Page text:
The Blind Side


A Christian lady (Sandra Bullock) takes in a troubled youth and with the help of her husband (Tim McGraw) and children she instills in the boy courage to finish school and start a new life, full of hope.

Entertainment Value - A

This was a very well done movie. I went into the theater not terribly excited about it, thinking it was going to be just like every other inspirational sports story (good, but because there are so many of them, it's nothing new); but it wasn't. It was inspirational, but football was just a small element of the movie. The performances were great. The music was a little too contrived, I felt more emotionally driven at time because of the music instead of the actual story.

Moral Value - Failure to Communicate? - 5

The focus on the family was very strong in this film. The Tuohy's were your average TV watching family until Big Mike came into their lives. One scene in particular stands out on Thanksgiving day when Michael chooses to sit at the table instead of on the couch watching football like the rest of the family. It doesn't say why, but Michael's example helped bring the family closer that day as the mother corralled the rest of the family into the dining room to spend real family time together.

When Michael first moved in, I was wondering how the mother could do that with a teenage daughter in the home. Apparently she was oblivious to that potential danger (an issue no matter if the boy were a stranger or a good family friend), but when made aware of it by a friend, she made sure to discuss the issue with her daughter to find out her feelings on the situation. This was a good example of humility on the mother's part, realizing she hadn't consulted her daughter on the matter but quickly remedying it.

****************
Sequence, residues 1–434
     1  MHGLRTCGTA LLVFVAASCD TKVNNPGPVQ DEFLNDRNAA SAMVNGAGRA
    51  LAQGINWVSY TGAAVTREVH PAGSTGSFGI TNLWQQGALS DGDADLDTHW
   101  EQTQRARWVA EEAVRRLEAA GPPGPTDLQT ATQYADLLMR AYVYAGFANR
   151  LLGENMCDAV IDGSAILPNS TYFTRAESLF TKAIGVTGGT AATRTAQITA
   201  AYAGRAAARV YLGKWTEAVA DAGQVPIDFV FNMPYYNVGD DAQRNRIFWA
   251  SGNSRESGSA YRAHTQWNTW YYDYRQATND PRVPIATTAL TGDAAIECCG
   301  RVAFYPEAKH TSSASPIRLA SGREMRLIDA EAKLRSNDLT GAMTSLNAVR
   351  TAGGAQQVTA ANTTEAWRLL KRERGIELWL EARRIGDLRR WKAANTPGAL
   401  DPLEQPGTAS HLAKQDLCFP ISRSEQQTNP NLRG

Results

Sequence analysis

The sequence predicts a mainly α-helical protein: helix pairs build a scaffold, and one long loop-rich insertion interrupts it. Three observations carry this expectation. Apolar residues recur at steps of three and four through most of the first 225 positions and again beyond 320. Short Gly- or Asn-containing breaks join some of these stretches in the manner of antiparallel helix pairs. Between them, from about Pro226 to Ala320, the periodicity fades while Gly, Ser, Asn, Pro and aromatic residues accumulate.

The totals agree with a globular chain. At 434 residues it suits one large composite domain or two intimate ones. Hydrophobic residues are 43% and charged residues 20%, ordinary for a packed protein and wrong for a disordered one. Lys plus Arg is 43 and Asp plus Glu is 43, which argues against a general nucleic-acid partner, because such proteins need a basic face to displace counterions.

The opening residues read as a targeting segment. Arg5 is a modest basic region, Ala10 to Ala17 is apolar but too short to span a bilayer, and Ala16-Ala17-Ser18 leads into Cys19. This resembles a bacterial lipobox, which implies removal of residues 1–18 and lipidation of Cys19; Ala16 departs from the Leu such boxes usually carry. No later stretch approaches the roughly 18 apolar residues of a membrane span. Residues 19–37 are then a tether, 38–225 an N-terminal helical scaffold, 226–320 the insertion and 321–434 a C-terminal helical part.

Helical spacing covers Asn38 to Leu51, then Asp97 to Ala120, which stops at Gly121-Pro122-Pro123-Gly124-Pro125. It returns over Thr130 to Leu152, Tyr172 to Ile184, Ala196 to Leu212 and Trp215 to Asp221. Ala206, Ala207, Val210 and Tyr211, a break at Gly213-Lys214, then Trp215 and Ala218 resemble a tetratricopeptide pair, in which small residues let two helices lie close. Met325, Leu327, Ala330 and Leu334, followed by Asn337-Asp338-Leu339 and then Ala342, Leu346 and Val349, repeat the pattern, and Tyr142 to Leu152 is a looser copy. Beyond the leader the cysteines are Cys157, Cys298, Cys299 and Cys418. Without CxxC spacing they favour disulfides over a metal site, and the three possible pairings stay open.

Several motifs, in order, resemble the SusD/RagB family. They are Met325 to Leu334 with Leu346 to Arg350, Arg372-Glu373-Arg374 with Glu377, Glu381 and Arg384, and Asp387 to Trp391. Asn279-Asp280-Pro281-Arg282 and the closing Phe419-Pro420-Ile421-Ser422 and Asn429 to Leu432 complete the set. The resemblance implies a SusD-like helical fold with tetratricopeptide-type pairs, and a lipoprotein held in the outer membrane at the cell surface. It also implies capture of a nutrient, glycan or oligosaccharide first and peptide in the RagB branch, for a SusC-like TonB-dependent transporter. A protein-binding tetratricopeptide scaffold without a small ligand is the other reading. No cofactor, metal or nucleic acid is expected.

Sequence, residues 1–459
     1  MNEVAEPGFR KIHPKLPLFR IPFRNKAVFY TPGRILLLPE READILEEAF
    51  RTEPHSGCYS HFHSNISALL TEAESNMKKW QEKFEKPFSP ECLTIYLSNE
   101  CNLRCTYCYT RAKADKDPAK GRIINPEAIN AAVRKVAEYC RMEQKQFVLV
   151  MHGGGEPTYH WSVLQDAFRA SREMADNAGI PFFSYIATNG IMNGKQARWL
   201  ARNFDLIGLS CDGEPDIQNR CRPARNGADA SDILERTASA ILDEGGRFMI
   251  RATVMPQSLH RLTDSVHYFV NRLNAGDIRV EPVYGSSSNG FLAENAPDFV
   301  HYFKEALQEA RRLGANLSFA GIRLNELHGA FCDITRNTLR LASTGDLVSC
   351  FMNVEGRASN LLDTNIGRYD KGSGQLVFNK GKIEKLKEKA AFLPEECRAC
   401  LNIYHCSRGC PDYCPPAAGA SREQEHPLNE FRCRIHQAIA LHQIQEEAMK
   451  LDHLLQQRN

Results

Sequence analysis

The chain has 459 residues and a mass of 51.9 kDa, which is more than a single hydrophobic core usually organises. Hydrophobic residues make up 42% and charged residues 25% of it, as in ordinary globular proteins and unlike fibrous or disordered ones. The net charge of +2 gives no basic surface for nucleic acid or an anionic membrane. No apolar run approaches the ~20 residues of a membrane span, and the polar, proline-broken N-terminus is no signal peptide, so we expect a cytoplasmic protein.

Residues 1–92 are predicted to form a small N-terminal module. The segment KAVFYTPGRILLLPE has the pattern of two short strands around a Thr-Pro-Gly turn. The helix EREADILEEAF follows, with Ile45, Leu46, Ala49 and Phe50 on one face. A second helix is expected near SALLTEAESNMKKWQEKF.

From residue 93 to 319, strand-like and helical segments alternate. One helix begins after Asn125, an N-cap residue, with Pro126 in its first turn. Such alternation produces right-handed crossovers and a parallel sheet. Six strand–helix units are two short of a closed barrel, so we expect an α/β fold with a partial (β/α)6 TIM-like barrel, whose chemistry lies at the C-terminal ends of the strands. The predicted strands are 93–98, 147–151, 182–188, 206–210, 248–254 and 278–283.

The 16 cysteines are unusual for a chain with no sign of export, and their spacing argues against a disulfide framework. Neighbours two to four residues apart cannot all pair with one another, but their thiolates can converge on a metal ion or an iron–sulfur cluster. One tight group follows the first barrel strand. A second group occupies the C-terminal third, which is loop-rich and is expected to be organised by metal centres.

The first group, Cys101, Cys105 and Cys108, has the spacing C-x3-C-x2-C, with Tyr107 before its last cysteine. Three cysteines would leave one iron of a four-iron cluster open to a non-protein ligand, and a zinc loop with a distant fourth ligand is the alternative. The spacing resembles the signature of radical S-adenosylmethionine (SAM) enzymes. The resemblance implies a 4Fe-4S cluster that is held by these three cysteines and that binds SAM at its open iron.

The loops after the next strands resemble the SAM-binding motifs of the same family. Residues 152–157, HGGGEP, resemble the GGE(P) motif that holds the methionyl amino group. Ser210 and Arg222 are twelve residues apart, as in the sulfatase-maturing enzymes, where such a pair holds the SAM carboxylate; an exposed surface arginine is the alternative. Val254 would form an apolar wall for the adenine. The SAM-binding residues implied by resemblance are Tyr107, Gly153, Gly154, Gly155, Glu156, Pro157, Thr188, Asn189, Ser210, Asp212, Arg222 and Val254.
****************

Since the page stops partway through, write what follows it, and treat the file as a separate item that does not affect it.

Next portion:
The last scene where Michael is being interrogated by the NCAA board on why he chose the college he did, was another great scene on the importance of strong family ties. The world doesn't really understand the concept of what a family is and does (as exhibited by the interrogator). She simply thought that the parents were coniving Ol' Miss alumni trying to get some extra points scored for their school; when, like any other parent, all they wanted was for their "son" to be happy, knowing that that school was where they were happy. Michael grounds the interrogator when he comes back and tells her that.

S.J. and his sister showed great initiative in going out of their way to help Michael know he was loved. The husband's support of his wife's charity was inspiring. I really can't say enough good about this show. Go out of your way to see this film, it will definitely find a place in our DVD Binder when it comes out.


  1. This should have won the Best Picture of the year. And I think Sandra Bullock should have won the oscar on looks alone!

    Anyways, one thing I really enjoyed was SJ and his complete acceptance of Michael. It seems like everybody else had their reasons to not accept Michael, or be hesitant to accept him, but I think SJ had that Christlike love throughout. In the Thanksgiving dinner scene, the whole family is a little wierded out by the whole situation, but SJ isn't phased at all. Sometimes we can learn a lot from kids, even though us adults know so much. :)

  2. SJ also is the one that seems most involved in helping Michael choose a school (even though his requirements are not meant to be taken seriously). We really do have a lot we can learn from kids, we judge them too harshly sometimes when they actually can see things so much clearer, they don't have any prejudices yet. Thanks Dave!